Is there anything new to be said about the lives of the Romantic poets? I’m not sure, and doubtless some scholars will complain loudly that there is nothing original or revelatory to be found in Daisy Hay’s Young Romantics. But to do so is to miss the point. For the non-scholar, Hay’s group biography of the Shelleys, Byron and their circle is complete bliss: a feat of concision and clear thinking that will remind you why, all those years ago, when you were young and foolish, you were so thrilled by these writers, by their unruly credos and marvellous verse-making, by their frilled shirts and luxuriant hair. Truly, it’s delicious.
For the reader, her strategy is a little like being at a good party: should you grow weary of one guest, over his or her shoulder someone more interesting will always be coming into view. Even better, its pace and sweep induces you to investigate nooks and crannies into which Hay is able to shine a torch only briefly, to take down from your shelves books you haven’t touched in two decades. In my own case, this year’s holiday reading is going to look mighty strange by the pool.
It is Hay’s contention – though it is somewhat counter-intuitive, as she readily admits – that Shelley, Keats and Byron were in some sense built by their friendships. Far from being the solitaries of popular mythology, their associations with one another, sometimes ecstatically happy, sometimes painfully fraught, were vitally important, to their daily lives and to their work.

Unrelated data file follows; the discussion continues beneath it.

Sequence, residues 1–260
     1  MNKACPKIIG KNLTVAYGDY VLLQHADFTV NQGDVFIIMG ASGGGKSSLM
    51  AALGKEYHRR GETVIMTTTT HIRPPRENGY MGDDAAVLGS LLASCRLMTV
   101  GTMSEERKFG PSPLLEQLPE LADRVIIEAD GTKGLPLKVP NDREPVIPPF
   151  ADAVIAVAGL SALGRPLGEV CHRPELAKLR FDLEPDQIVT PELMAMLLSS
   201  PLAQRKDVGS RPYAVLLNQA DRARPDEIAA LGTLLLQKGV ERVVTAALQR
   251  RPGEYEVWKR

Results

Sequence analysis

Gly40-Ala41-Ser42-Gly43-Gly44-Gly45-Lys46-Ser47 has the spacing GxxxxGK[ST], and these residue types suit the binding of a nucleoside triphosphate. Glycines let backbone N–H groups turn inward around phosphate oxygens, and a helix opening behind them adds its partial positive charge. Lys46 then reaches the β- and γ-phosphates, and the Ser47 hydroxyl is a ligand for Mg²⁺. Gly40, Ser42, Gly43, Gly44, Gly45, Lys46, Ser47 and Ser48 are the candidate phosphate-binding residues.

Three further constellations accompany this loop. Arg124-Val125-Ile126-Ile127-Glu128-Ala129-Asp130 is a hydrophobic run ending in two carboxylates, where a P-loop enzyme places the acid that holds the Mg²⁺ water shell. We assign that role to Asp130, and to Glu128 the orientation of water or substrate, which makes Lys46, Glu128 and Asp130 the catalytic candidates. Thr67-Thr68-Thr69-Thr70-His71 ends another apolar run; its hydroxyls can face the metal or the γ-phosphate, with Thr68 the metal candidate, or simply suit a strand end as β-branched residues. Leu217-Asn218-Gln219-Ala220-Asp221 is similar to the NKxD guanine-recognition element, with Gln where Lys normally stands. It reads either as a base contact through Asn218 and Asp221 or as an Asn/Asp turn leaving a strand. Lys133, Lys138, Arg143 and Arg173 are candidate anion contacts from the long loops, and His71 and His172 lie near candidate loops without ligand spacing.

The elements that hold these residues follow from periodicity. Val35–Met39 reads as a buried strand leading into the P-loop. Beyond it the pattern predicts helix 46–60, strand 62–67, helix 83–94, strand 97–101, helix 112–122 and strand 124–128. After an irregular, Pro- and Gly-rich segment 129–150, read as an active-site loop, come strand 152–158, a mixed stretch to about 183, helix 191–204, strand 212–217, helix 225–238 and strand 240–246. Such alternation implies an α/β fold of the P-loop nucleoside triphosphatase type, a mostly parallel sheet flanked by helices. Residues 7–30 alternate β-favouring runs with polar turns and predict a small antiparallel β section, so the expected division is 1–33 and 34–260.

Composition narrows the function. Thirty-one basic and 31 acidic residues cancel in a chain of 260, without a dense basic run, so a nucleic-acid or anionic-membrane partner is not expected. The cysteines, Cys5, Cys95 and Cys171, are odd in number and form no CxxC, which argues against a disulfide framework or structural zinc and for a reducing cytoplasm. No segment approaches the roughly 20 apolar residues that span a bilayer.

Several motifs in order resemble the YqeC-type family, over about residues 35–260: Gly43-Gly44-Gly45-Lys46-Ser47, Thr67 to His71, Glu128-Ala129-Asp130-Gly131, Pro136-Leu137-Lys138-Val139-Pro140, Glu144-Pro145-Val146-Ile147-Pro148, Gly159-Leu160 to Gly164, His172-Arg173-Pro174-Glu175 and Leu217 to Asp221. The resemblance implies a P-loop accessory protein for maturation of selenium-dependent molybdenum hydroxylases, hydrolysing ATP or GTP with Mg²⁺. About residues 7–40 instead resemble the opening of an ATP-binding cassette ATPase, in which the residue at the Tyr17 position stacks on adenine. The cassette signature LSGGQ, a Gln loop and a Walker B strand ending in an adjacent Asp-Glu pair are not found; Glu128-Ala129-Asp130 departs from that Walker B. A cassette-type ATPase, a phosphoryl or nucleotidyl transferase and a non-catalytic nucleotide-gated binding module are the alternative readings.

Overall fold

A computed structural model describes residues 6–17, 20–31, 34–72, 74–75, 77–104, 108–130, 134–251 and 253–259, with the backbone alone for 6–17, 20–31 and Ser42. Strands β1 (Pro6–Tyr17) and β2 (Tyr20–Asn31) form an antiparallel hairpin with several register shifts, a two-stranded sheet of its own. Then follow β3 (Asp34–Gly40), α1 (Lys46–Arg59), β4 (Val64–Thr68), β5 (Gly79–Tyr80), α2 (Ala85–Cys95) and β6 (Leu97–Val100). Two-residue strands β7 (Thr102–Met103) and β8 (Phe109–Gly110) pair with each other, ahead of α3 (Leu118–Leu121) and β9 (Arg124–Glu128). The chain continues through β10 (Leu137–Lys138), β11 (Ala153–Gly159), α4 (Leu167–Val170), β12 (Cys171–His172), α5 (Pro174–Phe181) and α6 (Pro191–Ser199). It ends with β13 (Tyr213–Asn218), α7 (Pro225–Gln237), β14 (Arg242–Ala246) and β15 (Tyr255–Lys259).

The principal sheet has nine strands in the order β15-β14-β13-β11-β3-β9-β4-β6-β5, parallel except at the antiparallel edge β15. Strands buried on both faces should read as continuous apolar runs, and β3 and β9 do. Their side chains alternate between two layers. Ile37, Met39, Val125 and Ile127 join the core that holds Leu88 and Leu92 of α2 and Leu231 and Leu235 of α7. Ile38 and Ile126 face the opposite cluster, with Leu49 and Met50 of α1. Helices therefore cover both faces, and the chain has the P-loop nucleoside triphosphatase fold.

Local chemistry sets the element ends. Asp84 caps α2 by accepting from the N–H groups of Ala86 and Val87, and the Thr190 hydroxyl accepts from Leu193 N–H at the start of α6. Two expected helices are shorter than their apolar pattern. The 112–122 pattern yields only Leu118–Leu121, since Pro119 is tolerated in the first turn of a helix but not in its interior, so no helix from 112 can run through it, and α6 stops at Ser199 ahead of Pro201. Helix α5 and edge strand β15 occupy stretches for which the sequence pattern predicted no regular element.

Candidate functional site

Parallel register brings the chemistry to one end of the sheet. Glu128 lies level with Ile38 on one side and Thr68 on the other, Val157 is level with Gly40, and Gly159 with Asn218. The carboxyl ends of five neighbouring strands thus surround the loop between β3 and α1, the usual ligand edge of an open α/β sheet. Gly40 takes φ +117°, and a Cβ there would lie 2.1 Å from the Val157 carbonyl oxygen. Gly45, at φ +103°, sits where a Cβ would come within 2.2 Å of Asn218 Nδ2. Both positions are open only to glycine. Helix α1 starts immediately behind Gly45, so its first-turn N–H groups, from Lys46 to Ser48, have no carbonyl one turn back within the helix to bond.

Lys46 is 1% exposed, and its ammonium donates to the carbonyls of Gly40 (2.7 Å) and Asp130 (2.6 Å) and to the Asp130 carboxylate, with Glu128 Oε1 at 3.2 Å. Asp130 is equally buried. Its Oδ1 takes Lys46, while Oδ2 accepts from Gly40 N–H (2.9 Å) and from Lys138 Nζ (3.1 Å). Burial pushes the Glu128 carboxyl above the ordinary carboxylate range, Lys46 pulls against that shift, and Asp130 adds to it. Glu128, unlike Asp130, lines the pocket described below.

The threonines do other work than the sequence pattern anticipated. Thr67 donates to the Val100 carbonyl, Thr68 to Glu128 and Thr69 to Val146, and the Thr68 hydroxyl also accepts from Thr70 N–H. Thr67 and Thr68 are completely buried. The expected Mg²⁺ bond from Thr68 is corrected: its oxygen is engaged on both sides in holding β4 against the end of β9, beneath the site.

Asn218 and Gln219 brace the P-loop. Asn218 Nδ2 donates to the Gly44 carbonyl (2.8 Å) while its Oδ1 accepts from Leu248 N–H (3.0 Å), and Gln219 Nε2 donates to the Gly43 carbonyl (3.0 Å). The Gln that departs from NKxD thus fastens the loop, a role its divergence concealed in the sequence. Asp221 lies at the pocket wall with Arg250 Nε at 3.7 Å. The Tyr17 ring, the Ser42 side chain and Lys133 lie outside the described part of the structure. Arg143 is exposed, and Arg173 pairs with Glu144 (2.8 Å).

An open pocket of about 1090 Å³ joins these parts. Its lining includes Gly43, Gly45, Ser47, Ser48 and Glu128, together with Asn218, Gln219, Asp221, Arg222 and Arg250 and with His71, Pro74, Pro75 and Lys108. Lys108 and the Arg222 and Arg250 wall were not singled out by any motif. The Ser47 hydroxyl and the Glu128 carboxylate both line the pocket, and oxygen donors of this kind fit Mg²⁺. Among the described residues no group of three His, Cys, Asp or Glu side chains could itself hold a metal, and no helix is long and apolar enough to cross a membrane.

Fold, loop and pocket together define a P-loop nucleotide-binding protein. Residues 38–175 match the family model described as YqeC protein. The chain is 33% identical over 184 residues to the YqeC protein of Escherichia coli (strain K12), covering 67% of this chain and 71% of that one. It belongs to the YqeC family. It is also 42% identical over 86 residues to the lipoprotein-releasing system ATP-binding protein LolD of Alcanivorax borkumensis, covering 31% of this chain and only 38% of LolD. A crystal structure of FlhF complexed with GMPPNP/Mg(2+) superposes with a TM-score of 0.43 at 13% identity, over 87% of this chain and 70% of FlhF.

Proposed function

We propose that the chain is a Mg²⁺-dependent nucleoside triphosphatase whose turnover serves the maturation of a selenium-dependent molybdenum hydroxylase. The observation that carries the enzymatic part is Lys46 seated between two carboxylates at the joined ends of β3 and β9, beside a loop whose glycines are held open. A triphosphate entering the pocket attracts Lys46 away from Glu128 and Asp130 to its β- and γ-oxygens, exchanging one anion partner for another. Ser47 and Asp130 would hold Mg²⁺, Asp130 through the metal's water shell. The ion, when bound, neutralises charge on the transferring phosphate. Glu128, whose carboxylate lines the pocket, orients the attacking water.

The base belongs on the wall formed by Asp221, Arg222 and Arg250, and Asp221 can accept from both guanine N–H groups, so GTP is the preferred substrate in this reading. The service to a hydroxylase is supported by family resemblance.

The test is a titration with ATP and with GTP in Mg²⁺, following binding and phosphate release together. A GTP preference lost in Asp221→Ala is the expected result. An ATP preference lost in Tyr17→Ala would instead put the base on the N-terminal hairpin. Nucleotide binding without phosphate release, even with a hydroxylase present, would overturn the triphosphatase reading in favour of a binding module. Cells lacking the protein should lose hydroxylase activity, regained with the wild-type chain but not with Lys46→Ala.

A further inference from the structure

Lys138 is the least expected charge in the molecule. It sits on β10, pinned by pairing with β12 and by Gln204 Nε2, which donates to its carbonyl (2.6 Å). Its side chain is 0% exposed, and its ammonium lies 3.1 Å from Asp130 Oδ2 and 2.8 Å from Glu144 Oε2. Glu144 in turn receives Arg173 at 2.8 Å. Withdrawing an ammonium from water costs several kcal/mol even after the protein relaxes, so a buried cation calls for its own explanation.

So she weaves their stories into a single narrative, a long and incestuous tale that begins with Leigh Hunt, the journalist and radical, holding court in his prison cell (he was incarcerated for two years in Surrey jail, Horsemonger Lane, for libelling the Prince Regent) and ends with the premature passing of the generation he so generously championed in his journals (Hunt, of course, outlived them all). This approach is challenging, and occasionally throws an odd emphasis on things. The death of Keats, for instance, is dispatched in a single paragraph, and long before the book’s end. But in the case of more minor characters, and particularly the women, it works a treat; it is a kind of levelling, one that restores them to their rightful place at the table.
If the book has a presiding spirit, it is, perhaps, Mary Wollstonecraft, for all that she is already cold in her grave when Young Romantics begins. Her terrifying (for the times) unconventionality, her feminism, and her suicidal impulses lived on in both her daughters, Fanny Imlay and Mary Godwin (later Mary Shelley), and, more strikingly, in their stepsister, Claire Clairmont (Claire’s mother married Wollstonecraft’s widower, William Godwin, after Mary’s early death); and it is one of these three, Claire, whose near constant presence in the narrative comes to seem to the reader most significant. Sometimes, Claire appears to be mad, even monstrous; you feel, as Mary often did, that you would like to escape her neediness and her strange reinventions. But at others, she is sympathetic, being more sinned against than sinning, yet another casual victim of the Shelleys, whose self-absorption could be devastating. Either way, without her, the story would have been very different.